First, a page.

by BillGatesLoveChild (1046184) on Thursday January 11, 2007 @08:57PM (#17567330) Journal
    Someone asked about Ritek's media quality. There is a huge variance in quality of recordable media. Usually you don't find out until you lose an archive :-o. Ritek aren't the worst, but they're not the best either. Check this link:

    http://www.digitalfaq.com/media/dvdmedia.htm [digitalfaq.com]

    51 Gbs is better, but still far short of my 320Gb HDDs for backup (and I've got 1Tb of disks). A losing battle. Maybe Blockbuster will just give up and fill the ailes with Seagates to rent by the evening?

    • "Never underestimate the bandwidth of a station wagon full of tapes hurtling down the highway." -- Tanenbaum, Andrew S. (1996). Computer Networks. New Jersey: Prentice-Hall, 83. ISBN 0-13-349945-6.

      Damn, I just did the calculation today, and I can fit 124.55 TB of DVDs in the back of my Jeep without removing the seat. The 750GB and 1TB 3.5" hard drives make that number go up. Now I have to re-do the calculation using 4-layer and 10-layer HD DVD media? When will this madness end?

      Unfortunately, hard d

    • I think HDD's will be best for you for some time to come.

      However, if someone can put an entire season of 24 onto one hi-def disc someday, I'll be most impressed.
      • Could be fun to watch how Anime distributors in the US respond (Hi, A.D.)

        They string out a 13 or 26 part series into as many DVDs as possible. The first DVD in the series fits 5 x 30 min episodes. But towards the end they can only fit 2 x 30 minute episodes. Ripoff is the only word I can use. I stopped my Neon Genesis Platinum set halfway through. I was going to pay $180 for the thing anyway. When they stretched it out to over $200, well, enough is enough.

        If they could fit an entire series on a single d

        • by Tony Hoyle (11698)
          The original star trek: the next generation series was 2 episodes per DVD - OTOH that was the early days of DVD production.

          The Simpsons originally did the same (3 episodes per DVD).

          You can guarantee that the TV companies will continue this tradition with HD.

  • by Anonymous Coward
    This is only the beginning. Imagine, if you will, beowulf layers of hi-def porn...
  • by Anonymous Coward
    Nigel Tuffnel today announced that all his HD DVD ROMS go to 11.
  • Which, considering the current state of U.S. patent law, might be every bit as accurate...

  • by Flwyd (607088)
    Who will be the first to implement a DVD with enough layers to implement the OSI network model?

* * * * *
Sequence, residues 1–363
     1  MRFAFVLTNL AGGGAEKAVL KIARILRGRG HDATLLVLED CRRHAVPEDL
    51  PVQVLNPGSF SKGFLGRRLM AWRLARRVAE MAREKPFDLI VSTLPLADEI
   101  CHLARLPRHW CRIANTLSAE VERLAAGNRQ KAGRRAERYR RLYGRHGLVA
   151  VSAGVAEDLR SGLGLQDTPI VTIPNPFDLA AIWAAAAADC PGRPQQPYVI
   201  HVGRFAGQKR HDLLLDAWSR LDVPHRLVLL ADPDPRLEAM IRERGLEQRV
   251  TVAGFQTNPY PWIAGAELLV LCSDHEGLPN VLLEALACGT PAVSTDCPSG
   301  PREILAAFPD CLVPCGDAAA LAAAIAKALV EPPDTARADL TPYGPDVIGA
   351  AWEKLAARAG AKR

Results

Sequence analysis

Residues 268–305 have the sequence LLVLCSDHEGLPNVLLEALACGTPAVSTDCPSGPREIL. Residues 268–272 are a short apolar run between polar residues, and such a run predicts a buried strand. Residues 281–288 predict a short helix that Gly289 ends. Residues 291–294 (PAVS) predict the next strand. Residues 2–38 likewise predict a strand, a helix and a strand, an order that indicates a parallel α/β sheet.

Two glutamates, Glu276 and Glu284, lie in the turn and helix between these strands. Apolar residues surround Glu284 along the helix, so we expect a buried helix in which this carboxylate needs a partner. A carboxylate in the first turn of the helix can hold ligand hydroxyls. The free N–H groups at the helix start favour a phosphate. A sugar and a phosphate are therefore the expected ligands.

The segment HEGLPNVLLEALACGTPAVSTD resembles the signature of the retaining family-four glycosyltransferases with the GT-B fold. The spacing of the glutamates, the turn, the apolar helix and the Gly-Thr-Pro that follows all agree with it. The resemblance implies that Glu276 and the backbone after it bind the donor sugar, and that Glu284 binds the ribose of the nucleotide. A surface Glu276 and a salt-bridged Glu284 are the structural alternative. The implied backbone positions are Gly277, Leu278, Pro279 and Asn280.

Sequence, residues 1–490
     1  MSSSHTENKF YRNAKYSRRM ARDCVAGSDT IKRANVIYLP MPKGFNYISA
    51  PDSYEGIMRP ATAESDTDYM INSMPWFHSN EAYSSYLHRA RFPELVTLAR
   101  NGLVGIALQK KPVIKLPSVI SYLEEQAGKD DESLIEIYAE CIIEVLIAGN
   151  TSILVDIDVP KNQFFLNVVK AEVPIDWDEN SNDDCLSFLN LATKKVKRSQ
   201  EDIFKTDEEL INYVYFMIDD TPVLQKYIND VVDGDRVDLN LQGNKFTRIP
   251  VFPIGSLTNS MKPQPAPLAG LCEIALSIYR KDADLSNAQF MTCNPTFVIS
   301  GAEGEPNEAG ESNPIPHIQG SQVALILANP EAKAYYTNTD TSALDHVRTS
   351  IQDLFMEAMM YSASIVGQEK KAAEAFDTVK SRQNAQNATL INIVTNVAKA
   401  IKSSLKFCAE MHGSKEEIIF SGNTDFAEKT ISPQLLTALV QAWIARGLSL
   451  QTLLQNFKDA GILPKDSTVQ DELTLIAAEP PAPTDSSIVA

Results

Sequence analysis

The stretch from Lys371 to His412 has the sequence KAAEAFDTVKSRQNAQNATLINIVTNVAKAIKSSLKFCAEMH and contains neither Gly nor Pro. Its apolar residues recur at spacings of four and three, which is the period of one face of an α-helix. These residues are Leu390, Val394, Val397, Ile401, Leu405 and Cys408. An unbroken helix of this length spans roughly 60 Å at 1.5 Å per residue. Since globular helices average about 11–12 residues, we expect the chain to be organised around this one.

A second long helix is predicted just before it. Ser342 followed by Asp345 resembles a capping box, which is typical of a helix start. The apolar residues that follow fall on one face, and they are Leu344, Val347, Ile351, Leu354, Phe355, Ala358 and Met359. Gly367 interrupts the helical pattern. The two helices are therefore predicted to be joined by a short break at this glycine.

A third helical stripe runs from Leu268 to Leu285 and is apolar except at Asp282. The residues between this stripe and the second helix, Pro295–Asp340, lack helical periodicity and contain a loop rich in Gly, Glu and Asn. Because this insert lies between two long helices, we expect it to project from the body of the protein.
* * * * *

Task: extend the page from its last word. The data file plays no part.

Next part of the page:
• by Wesley Felter (138342) <wesley@felter.org> on Thursday January 11, 2007 @09:52PM (#17567820) Homepage
    The HD-DVD spec was finalized a while ago. HD-DVD players can only read two layers, therefore no movie can ever have more than two layers. All this talk about more layers is just PR wanking.
    • HD-DVD players can only read two layers, therefore no movie can ever have more than two layers.

      No movie disc conforming to the HD-DVD spec can have required data on more than two layers. But there's always the possibility that the HD-DVD spec could be abandoned altogether for a newer specification that allows an arbitrary number of layers per disc.

      There could even be "HD-DVD Plus" discs that have HD-DVD standard content on layers 0 and 1, and then premium content on layers 2 and up that can only be accesse
      • by Thraxen (455388)
        I hope not. It's bad enough that we have a BR vs HD-DVD war, if they start adding layers and making early adopter equipment partially obsolete the market will suffer further.
  • These companies are just trying to show off to one another. They don't have the capacity to mass-produce them, I bet, either. Once available, due to the fact that light just doesn't get so small so easily, they will probably cost a few thousand dollars per disk. Readers are another story. Nobody needs them, they're completely implausible, so I just say: SHUT THE HELL UP, WE DON'T CARE WHAT A FEW WACKO SCIENTISTS AT YOUR COMPANIES CAN SAY! If they foucused on quality, rather than bragging, far more re
  • A machine that makes $25.00 coasters, instead of $0.25.
  • by AusG4 (651867) on Thursday January 11, 2007 @10:19PM (#17568066) Homepage Journal
    There really is no three layer HD-DVD media. It's not part of the standard. They don't expect it to be a part of the standard until the end of 2008 at the earliest. Even still, Toshiba would likely need to decide between making current players obsolete, or reserving three layer HD-DVD for 'desktop' purposes, like backup and data storage.

    This technology isn't likely going to ship with any Hollywood movies on it anytime soon.
    • by iainl (136759)
      The tech isn't going to ship with any Hollywood movies on it anytime soon because the amount of space used by the main movie on a dual-layer HD-DVD is currently going down (due to improvements in the encoder) faster than its going up due to decisions to tackle longer movies. We've already passed the point where The Return Of The King: Extended Edition leaves enough space for a fair smattering of extras; what more do you want?
      • by AusG4 (651867)
        Not true. First, there is no Lord of the Rings for HD-DVD. It hasn't even been announced. Furthermore, movies like Reds, which are longer in run time, come on two HD-DVD's - one for movie, one for extras. As does Mission Imposssible III and it's a standard 120 minutes - they just wanted a great encoding of the movie and they did so by dumping all extras.